Feedback from an audience can always help improve your presentations. Feedback from a microphone, however, is generally less helpful. To guarantee you use this most important piece of presenting equipment to amplify your voice, but not to magnify your troubles, consider the following tips from author Jeffrey Jacobi, excerpted from his book, How to Say it with Your Voice (Prentice Hall, 2000).
1. Tune In
Before opening your mouth, check to see if the microphone is plugged in or if there’s an on/off switch. Then say a few words, either by counting or uttering some other innocuous syllables, in a normal tone to make sure it’s working properly. Don’t blow into or tap on the mike.
2. Check In
If possible, do a sound check ahead of time. If there’s a sound engineer or someone else with some expertise on hand, take full advantage. Determine the best distance between you and the mike so that you can be heard without potentially piercing anyone’s eardrums.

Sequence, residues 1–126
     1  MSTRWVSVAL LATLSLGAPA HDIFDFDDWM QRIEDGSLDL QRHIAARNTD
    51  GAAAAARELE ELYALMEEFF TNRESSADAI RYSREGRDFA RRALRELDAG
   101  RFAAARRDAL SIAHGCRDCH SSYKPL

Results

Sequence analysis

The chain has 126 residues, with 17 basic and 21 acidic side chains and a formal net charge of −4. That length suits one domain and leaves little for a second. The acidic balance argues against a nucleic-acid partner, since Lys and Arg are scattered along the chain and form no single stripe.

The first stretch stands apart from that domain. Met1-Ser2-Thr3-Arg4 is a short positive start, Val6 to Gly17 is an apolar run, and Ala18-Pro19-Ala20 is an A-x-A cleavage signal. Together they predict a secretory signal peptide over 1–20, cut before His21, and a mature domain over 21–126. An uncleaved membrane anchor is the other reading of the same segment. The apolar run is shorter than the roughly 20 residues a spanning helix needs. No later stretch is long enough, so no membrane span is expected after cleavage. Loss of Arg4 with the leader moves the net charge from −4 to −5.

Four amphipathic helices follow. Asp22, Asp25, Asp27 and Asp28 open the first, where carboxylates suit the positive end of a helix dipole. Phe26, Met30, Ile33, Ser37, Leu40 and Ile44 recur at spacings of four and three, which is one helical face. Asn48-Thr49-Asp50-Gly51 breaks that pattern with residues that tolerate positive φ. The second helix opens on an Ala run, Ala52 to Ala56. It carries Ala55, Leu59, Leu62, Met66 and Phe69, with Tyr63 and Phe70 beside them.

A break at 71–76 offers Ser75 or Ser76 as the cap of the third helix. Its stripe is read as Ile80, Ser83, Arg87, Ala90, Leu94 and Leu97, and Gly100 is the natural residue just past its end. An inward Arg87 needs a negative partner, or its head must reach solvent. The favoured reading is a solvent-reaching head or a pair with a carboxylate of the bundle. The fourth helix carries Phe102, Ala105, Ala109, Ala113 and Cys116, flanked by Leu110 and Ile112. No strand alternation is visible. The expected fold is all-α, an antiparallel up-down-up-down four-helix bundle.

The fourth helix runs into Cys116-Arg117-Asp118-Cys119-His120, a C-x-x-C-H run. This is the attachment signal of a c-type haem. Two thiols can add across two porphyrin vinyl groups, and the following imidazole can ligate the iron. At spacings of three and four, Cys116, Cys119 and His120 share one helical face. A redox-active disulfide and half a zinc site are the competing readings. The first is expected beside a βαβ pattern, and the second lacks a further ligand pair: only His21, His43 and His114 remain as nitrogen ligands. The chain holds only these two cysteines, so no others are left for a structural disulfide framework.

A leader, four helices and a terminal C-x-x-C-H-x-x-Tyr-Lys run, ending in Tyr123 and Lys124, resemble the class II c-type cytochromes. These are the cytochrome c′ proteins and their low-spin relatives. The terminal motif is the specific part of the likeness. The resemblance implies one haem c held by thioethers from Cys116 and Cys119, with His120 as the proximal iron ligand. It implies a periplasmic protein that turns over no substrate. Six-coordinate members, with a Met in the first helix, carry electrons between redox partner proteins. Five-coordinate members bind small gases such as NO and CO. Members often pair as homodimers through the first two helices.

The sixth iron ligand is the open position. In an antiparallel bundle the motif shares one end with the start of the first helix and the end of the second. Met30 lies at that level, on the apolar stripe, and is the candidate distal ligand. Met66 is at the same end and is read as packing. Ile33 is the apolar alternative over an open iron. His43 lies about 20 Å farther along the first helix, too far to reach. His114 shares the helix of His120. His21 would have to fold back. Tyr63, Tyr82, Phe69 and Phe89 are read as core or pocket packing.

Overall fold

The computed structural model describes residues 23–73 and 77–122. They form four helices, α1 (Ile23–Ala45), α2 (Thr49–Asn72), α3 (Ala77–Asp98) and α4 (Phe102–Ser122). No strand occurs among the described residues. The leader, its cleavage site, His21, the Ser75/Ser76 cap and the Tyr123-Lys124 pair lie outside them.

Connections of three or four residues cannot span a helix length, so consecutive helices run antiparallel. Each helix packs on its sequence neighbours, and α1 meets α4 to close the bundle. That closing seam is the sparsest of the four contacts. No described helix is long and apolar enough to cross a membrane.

3. Think Different
Bear in mind that not all mikes are created equal. What might be the perfect distance with one may cause feedback from another. Don’t assume anything about the mike you’ll be using.
4. Don’t Blow It
A sudden rush of air, whether from a particularly exuberant exhalation, a cough or a sneeze, can sound like a tornado blowing through when amplified by a microphone. If you sense any of these coming on, turn your head in anticipation. In general, it’s a good idea to speak across the mike, not directly into it.
5. Be Practical
As with any skill, practice helps. When you rehearse your presentation, do so with a microphone. If you don’t have one already, buy a small mike that plays into your cassette player. Then get used to hearing the sound of your amplified voice.
6. Don’t Use It
In some situations, you may be better off foregoing a mike entirely. Practice speaking so that your voice carries to the back of a room. Audiences will be impressed by your stage presence if you can present to a large room without benefit of a microphone.